Monday, January 5, 2015

Memory Monday: Life in the big city.

Oh woe is me!
This is my neighbourhood above and below.
This is where I've always lived.
Beautiful Vancouver BC.
The two pictures are from this website.

In the picture above, I've circled our house at the top, to the right of the tower on the left.
The large circle around the 3 towers shows what it will look like when the development is finished in 2017. The foremost tower closer to Kingsway will be 36 floors high.
The one behind it on the corner of Vanness and Boundary will be 33 floors high.
Sometimes I could sit down and cry. Our lovely view of Central Park will be blocked.
The hole for the towers was dug in the spring of 2013 and I've never seen such slow building. Two lanes of Boundary Road are constantly blocked and there is only one lane of traffic even in rush hour. It's just horrible but of course will be a thousand times worse once the towers are filled with people. The thing which irks me no end is that around 20 single family homes were torn down to make way for these towers. The site on which they are situated was once two quiet residential streets. Some of the houses were brand new. Yet the city calls this "progress". Yes, it really irks me!

I grew up a few blocks away on Euclid Street.
Our home faced the area where all the towers are now, which you see to the left of the new ones. In the late 1950's when my parents bought this little house, there was an apple orchard. A few months after they moved in, the trees were all taken out, and then just before my parents moved in 1963, the site was developed for warehouses, which remained until 1994, when they began to be torn down to make way for the towers. The whole area has changed so much, it's actually hair raising.
The above photo shows me and my Dad in the little Euclid house back yard.
It was on the corner of Tyne and Euclid. It was torn down recently and a huge monster house is in its place.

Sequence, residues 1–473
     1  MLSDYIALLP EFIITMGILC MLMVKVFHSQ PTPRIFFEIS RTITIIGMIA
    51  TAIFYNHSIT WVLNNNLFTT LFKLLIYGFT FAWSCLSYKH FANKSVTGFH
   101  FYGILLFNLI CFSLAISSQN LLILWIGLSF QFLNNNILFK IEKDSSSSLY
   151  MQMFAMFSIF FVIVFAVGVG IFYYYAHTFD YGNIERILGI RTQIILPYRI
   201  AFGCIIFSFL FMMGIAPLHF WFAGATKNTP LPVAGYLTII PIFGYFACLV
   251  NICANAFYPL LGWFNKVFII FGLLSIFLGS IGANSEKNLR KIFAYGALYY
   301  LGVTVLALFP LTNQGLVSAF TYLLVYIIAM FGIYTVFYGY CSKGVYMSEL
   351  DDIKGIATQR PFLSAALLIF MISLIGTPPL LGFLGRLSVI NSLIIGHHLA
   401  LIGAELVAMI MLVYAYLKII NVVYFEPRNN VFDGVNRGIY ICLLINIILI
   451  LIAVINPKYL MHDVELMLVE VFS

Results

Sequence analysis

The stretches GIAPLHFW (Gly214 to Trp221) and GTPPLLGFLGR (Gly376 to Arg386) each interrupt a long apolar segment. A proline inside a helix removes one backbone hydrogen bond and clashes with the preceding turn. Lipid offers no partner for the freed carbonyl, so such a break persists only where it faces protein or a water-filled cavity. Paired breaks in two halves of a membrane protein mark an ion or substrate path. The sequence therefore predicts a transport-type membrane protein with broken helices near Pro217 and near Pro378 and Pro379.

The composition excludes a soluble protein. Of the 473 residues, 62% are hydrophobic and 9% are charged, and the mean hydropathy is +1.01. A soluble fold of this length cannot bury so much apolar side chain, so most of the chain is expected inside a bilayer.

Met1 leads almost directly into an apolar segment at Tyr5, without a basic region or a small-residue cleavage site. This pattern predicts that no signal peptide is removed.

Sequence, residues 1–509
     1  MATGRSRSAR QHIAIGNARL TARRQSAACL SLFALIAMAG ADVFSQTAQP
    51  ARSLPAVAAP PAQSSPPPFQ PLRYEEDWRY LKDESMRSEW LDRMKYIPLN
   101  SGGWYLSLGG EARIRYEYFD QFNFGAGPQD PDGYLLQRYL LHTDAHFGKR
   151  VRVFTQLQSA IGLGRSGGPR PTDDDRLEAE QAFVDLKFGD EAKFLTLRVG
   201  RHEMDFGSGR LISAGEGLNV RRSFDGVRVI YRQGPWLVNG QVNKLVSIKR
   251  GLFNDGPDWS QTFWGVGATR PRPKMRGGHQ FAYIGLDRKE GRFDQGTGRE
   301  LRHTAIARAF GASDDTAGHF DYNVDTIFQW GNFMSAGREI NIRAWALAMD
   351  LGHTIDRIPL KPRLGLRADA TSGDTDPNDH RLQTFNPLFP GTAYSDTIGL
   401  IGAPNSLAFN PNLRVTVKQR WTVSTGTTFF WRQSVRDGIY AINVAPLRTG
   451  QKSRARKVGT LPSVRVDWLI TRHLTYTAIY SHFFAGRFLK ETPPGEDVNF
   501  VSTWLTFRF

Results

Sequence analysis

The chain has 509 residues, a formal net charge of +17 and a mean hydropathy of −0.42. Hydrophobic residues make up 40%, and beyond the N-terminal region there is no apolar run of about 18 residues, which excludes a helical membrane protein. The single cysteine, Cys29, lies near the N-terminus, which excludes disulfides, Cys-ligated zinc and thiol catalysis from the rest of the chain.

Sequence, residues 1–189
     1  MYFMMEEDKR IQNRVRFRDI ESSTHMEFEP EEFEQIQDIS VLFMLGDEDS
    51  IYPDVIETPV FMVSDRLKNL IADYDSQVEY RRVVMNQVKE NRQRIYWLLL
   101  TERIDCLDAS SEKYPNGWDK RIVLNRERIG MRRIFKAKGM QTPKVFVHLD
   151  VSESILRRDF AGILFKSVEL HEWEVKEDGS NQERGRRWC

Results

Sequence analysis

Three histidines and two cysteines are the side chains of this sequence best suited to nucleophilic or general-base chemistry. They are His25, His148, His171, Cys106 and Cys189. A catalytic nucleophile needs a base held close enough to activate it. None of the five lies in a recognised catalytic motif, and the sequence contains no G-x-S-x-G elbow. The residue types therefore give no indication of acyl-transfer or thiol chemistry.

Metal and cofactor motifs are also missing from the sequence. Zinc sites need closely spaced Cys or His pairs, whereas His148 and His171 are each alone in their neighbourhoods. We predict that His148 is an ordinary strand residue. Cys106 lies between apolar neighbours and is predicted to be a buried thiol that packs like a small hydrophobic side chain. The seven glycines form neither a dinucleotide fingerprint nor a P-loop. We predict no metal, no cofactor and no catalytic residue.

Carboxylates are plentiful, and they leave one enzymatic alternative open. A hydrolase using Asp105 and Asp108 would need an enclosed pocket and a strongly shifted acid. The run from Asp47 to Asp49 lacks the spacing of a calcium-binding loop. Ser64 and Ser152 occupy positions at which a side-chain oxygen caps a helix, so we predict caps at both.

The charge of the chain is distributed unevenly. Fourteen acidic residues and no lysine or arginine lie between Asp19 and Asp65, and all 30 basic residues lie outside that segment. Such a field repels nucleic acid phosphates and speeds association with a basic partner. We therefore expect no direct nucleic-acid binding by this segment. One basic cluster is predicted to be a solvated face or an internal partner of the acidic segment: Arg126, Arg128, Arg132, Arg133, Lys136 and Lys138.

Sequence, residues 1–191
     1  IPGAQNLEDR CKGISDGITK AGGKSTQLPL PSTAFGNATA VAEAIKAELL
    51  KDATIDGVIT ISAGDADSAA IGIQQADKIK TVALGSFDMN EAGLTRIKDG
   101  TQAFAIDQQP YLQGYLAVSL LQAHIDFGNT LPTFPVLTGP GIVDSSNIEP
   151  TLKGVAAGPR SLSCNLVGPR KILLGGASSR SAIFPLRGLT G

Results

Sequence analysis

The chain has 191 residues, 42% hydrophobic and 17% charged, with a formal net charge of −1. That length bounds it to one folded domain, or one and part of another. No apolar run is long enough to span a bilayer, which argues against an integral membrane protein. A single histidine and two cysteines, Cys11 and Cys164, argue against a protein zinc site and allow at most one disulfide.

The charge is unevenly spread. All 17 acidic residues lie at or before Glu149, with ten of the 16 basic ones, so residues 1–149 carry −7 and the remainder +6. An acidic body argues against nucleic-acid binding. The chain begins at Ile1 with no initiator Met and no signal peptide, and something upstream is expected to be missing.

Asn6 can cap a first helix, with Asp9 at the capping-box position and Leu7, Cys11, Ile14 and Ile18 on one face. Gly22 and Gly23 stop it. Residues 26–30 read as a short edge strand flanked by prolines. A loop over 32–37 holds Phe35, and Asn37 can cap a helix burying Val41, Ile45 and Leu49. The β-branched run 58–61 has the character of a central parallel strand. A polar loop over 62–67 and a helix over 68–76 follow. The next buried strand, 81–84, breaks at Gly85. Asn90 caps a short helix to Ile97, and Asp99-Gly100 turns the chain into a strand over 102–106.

Me and my Mom in 1961, with the fairly undeveloped neighbourhood in the background.
Tyne Street is behind us. A low rise complex was built in the 1970s just behind, and now there are towers in the distance.

Me and my little cousin Melodie in 1962, at Euclid Ave.
Now a school field and Collingwood Neighbourhood School are across the street.

The front of our little house on Euclid St in 1961.

Helping my Dad in 1963. He built the fence along the front and later that year we moved to Monmouth Ave to be near Grenfell School. You can see the vacant area across Euclid St. The rest of the road hadn't been developed yet, and for nearly 30 years warehouses were here, and now around 8 towers are here, with the Skytrain in the distance where those houses are.
I believe Ruby Street is just ahead. I can't make out those blurred houses, but most are still standing.
I wish the picture was more clear.
I find it fascinating how residential neighbourhoods change. This area was once all bush and trees, and Kingsway was an Indian path. A hermit once lived in our area in a tree stump. And in 1911 the first library was in a house on Ruby Street just across from where we live.
This area has a lot of history and it is very interesting.
Loretta Houben


sheri said...

We're the same age and I can totally relate to your pictures and your feelings about progress. I think it's heartbreaking to lose so many old or vintage homes. Pretty soon everything will look the same...all steel and glass and big and tall and no personality at all! You're lucky your parents took so many pictures. It's great to look at them and remember my own childhood and simpler times. Thanks for sharing!!!

Betty said...

Houston has some really nice old areas close in to downtown, but they come in and tear down the cute old houses and build mini-mansions. It looks ridiculous with a mini-mansion surrounded by a couple of cute little houses. I guess they figure eventually the little houses will all be gone. Like you I don't care for some of the changes.

Loretta said...

Thanks so much for coming by and commenting, Sheri! I'm so very glad my parents took as many pictures as they did. They could rarely afford film, but all their photos are in perfect condition. I need to scan more in. They also had a movie camera, and I'd love to figure out how to digitize the films!

Loretta said...

Betty, I know exactly what you mean. One day a perfectly nice house is standing, and the next day it's gone, and then the authorities rant on and on about being "green" when they NEVER practice what they preach! Ack!!! It disturbs me no end. We have our fair share of mansions here too. Sometimes up to 10 or more people live in them. What strange times we live in.